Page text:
Basic Jurisdictional Principles
A Theological Inventory of American Jurisprudence
Amendments VI-IX
"Do not be anxious then, saying, ‘What shall we eat?’ or ‘What shall we drink?’ or
‘With what shall we clothe ourselves?’ . . .  [Y]our heavenly Father knows that you
need all these things. [S]eek first His kingdom and His righteousness; and all these
things shall be added to you." 1

Amendment VI:

In all criminal prosecutions, the accused shall enjoy the right to a speedy and public trial, by an impartial jury of the State and district wherein the crime shall have been committed, which district shall have been previously ascertained by law, and to be informed of the nature and cause of the accusation; to be confronted with the witnesses against him; to have compulsory process for obtaining witnesses in his favor, and to have the Assistance of Counsel for his defence.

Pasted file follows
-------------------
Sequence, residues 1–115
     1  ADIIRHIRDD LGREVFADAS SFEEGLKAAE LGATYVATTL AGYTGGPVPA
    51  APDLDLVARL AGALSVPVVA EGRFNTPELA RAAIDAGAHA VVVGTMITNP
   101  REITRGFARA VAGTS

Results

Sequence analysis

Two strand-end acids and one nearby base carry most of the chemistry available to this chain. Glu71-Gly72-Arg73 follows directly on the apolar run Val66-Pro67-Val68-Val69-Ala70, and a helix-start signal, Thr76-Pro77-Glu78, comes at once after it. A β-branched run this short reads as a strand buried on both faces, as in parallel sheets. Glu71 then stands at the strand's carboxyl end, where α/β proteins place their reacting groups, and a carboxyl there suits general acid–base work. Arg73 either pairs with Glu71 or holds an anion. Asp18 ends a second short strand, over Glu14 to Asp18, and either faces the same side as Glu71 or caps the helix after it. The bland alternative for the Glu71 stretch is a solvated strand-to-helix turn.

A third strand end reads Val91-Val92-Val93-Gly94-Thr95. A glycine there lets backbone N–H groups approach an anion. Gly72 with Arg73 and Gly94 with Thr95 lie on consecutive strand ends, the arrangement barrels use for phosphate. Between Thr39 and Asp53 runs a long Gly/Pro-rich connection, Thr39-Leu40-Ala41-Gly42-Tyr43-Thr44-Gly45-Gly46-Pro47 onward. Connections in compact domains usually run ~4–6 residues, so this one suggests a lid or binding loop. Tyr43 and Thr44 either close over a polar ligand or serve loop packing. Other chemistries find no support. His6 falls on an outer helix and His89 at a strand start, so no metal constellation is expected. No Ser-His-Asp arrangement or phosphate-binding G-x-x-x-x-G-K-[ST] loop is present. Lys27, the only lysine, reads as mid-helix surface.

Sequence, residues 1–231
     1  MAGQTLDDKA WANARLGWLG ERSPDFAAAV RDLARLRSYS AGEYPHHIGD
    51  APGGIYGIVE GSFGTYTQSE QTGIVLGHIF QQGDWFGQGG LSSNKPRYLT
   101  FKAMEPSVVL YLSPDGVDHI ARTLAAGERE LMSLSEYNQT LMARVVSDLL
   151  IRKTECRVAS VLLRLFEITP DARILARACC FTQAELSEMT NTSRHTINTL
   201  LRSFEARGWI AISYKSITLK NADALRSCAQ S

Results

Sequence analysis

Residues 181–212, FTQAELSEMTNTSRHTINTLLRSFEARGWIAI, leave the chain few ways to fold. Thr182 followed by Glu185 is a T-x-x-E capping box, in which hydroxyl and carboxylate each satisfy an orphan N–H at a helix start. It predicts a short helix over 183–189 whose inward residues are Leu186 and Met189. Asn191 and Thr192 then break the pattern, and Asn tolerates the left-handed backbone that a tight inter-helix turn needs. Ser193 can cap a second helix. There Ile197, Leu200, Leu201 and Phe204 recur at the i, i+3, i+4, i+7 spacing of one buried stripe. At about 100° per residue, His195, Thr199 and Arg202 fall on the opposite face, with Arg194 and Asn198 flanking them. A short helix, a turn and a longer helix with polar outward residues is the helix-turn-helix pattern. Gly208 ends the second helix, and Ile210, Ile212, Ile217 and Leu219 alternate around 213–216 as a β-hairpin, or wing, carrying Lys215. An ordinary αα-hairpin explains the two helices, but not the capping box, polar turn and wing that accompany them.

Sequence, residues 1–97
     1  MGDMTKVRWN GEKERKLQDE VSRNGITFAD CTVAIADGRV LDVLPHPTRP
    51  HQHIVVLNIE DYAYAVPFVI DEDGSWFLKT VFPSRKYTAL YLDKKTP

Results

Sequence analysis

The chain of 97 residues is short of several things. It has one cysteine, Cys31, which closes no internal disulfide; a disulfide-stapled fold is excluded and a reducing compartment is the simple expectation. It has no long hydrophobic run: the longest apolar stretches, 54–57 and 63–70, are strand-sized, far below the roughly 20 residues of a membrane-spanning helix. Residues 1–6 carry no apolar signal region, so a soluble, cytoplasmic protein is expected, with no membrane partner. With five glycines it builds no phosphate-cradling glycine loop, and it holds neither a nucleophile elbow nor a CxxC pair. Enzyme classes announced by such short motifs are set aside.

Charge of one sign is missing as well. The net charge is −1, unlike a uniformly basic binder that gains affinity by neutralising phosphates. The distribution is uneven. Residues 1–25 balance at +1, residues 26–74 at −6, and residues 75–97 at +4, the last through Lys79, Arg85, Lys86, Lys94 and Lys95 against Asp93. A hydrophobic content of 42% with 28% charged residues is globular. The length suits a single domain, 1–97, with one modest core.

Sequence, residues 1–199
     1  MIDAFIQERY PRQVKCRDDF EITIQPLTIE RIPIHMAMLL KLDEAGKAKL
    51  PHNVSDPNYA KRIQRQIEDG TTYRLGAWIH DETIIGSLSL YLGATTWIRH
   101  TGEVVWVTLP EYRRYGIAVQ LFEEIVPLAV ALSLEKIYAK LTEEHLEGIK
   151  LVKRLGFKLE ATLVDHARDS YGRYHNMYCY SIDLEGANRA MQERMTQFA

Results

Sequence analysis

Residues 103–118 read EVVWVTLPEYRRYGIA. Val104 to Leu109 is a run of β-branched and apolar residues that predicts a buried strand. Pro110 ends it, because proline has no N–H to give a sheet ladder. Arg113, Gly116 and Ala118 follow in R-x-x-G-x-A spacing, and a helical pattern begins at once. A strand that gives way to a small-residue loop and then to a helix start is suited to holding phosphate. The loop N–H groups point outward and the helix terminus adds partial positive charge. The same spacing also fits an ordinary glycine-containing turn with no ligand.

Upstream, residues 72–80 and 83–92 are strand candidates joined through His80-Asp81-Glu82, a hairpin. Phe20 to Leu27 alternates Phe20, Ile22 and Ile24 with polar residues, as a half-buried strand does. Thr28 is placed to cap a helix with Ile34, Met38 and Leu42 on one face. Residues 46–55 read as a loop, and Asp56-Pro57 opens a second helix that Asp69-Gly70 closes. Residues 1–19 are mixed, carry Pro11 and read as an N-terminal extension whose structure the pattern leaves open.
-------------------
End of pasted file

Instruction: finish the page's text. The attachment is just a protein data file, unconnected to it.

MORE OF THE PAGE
This amendment is also essentially a set of safeguards installed by the jural society to help it to curb bloodshed without becoming a perpetrator of bloodshed itself. Only a couple of its clauses are objectionable. The clause, "to have compulsory process for obtaining witnesses in his favor", insinuates that in "criminal prosecutions", giving testimony as a witness is mandatory. Under the bloodshed mandate, providing evidence of a delict, or evidence of innocence of a delict, is certainly a moral obligation for anyone who has such first-hand knowledge. But whether that moral obligation extends into being a human-law obligation depends upon whether such witness has given prior consent to such obligation. It is certainly global moral law to provide such testimony. But because this obligation arises out of the bloodshed mandate’s positive-duty clause, it becomes a human-law obligation only through consent. As long as the law that makes an action criminal defines a malum in se that involves trespass by one against another, and as long as the witness’ testimony is consensual, the subpoena that calls the witness is lawful, and the witness’s cooperation with the court is mandatory. But since our modern secular governments have so many laws against trespass-free mala in se, and against mere mala prohibita; and since these governments don’t acknowledge the fundamentally voluntary nature of such testimony; and since so many of our procedures have been debased in so many other ways, it’s hard to doubt that this amendment is being misused in regard to such subpoena power.